Katherine Deland, Bryce F. Starr, Joshua S. Mercer, Jovita Byemerwa, Donna M. Crabtree, Nerissa T. Williams, Lixia Luo, Yan Ma, Mark Chen, Oren J. Becher, David G Kirsch
Dr. John Carethers discusses challenges to the advancement of underrepresented minorities in medicine and effective strategies for institutions to promote diversity. He proposes that diversity should be a fourth pillar in the mission of academic medicine, alongside research, education, and clinical care.
John M. Carethers
While corticosteroids dampen the dysregulated immune system and sometimes are prescribed as an adjunctive treatment for pneumonia, their effectiveness in the treatment of coronavirus 2019 (COVID-19) remains controversial. In this issue of the JCI, Liu and Zhang et al. evaluated corticosteroid treatment in more than 400 patients with severe COVID-19. The authors assessed subjects retrospectively for cardiac and liver injury, shock, ventilation, mortality, and viral clearance. Corticosteroids in severe COVID-19 related acute respiratory distress syndrome (ARDS) was associated with increased mortality and delayed viral clearance. Here, we consider how to reconcile the negative effects of corticosteroids revealed by Liu and Zhang et al. with the favorable effects (reduced mortality) that were described in the RECOVERY trial. We posit that treatment timing, dosage, and COVID-19 disease severity determine immune response and viral outcome. Patients with moderate-to-severe COVID-19 pneumonia are likely to benefit from moderate dose corticosteroid treatment when administered relatively late in the disease course.
Michael A. Matthay, Katherine D. Wick
The disease spectrum of coronavirus disease 2019 (COVID-19) ranges from no symptoms to multisystem failure and death. Characterization of virus-specific immune responses to severe acute respiratory coronavirus 2 (SARS-CoV-2) is key to understanding disease pathogenesis, but few studies have evaluated T cell immunity. In this issue of the JCI, Sattler et al. sampled blood from subjects with COVID-19 and analyzed the activation and function of virus antigen-specific CD4+ T cells. T cells that failed to respond to peptides from the membrane, spike or nucleocapsid proteins were more common in subjects who died. In those whose T cells had the capacity to respond, older patients with more co-morbidity had larger numbers of activated T cells compared with patients that had fewer risk factors, but these cells showed impaired IFN- production. This cross-sectional study relates activated T cell responses to patient risk factors and outcome. However, T cell response trajectory over the disease course remains an open question.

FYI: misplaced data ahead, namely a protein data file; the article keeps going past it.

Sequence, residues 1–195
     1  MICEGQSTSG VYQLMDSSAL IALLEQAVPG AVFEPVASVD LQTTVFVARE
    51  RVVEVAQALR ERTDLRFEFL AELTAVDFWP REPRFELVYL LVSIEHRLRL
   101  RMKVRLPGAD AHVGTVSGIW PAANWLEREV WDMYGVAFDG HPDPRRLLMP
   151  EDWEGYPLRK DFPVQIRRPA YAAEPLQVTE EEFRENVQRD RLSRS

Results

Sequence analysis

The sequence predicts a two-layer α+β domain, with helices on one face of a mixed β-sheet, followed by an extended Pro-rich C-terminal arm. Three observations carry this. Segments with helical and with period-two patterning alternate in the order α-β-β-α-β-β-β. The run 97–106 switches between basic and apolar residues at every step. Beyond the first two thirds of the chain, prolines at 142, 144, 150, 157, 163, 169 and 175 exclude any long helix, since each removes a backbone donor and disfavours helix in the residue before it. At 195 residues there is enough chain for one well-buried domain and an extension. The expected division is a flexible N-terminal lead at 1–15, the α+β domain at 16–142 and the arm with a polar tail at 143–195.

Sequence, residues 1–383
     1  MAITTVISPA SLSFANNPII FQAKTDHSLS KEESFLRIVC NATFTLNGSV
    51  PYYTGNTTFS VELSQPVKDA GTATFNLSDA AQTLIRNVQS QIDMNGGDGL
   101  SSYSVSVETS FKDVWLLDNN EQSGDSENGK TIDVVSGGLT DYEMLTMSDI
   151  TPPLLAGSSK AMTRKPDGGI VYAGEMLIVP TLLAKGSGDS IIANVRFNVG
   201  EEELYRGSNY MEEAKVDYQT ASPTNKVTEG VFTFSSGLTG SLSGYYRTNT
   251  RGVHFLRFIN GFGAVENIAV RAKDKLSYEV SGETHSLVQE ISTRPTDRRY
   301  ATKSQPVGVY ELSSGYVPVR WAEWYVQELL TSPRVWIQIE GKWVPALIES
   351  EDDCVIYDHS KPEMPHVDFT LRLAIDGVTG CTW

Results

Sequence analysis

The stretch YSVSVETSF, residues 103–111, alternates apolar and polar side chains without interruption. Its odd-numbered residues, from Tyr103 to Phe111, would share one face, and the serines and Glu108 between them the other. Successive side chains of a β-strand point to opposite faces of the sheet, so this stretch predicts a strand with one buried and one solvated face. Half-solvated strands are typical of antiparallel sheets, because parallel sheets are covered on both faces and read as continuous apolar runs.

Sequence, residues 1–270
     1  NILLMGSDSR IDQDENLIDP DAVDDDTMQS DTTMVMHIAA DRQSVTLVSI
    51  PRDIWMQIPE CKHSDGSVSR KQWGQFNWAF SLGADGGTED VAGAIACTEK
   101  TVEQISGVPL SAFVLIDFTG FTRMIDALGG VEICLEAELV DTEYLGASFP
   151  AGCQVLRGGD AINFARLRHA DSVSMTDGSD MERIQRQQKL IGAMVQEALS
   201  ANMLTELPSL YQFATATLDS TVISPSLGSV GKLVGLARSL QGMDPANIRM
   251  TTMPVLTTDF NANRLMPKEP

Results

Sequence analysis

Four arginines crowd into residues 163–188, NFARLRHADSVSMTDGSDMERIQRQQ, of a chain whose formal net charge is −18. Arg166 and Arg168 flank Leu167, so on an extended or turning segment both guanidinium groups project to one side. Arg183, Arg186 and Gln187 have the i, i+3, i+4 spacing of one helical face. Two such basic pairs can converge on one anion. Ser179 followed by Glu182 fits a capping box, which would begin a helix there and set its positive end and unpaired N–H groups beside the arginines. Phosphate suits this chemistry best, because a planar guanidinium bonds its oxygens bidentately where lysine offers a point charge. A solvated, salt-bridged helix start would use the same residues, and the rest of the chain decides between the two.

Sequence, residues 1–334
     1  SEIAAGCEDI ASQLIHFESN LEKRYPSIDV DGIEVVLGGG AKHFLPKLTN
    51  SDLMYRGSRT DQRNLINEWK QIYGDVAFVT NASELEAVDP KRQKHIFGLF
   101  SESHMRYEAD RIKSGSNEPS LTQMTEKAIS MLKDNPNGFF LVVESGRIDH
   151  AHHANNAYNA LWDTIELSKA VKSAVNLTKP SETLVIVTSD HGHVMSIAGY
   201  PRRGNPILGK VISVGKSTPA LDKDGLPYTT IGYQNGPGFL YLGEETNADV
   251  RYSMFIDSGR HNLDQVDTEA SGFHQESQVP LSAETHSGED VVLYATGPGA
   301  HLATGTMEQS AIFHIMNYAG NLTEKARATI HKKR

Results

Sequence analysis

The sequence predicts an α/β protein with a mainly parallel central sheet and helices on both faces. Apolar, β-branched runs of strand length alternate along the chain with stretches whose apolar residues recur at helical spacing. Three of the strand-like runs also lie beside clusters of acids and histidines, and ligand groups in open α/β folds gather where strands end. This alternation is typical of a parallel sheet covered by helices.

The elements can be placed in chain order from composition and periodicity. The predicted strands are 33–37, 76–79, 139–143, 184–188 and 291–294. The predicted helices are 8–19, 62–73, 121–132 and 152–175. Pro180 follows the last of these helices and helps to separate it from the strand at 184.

Diane E. Griffin
Background. Clear cell renal cell carcinoma (ccRCC) is the most common histologically defined renal cancer. However, it is not a uniform disease and includes several genetic subtypes with different prognosis. ccRCC is also characterized by distinguished metabolic reprogramming. Tobacco smoking (TS) is an established risk factor for ccRCC with unknown effects on tumor pathobiology. Methods. We investigated the landscape of ccRCCs and paired normal kidney tissues (NKTs) using integrated transcriptomic, metabolomic and metallomic approaches in a cohort of never smokers (NS) and long-term current smokers (LTS) Caucasian males. Results. All three Omics domains consistentl identified a distinct metabolic subtype of ccRCCs in LTS, characterized by activation of oxidative phosphorylation (OxPhos) coupled with reprogramming of the malate-aspartate shuttle and metabolism of aspartate, glutamate, glutamine and histidine. Cadmium, copper and inorganic arsenic accumulated in LTS tumors showing redistribution among intracellular pools, including relocation of copper into the cytochrome c oxidase complex. Gene expression signature based on the LTS metabolic subtype provided prognostic stratification of The Cancer Genome Atlas (TCGA) ccRCC tumors that was independent from genomic alterations. Conclusions. The work identifies the TS related metabolic subtype of ccRCC with vulnerabilities that can be exploited for precision medicine approaches targeting metabolic pathways. The results provide rationale for the development of metabolic biomarkers with diagnostic and prognostic applications using evaluation of OxPhos status. The metallomic analysis reveals the role of disrupted metal homeostasis in ccRCC highlighting the importance of studying effects of metals from e-cigarettes and environmental exposures.
James Reigle, Dina Secic, Jacek Biesiada, Collin Wetzel, Behrouz Shamsaei, Johnson Chu, Yuanwei Zang, Xiang Zhang, Nicholas J. Talbot, Megan E. Bischoff, Yongzhen Zhang, Charuhas V. Thakar, Krishnanath Gaitonde, Abhinav Sidana, Hai Bui, John T. Cunningham, Qing Zhang, Laura S. Schmidt, W. Marston Linehan, Mario Medvedovic, David R. Plas, Julio A. Landero Figueroa, Jarek Meller, Maria F. Czyzyk-Krzeska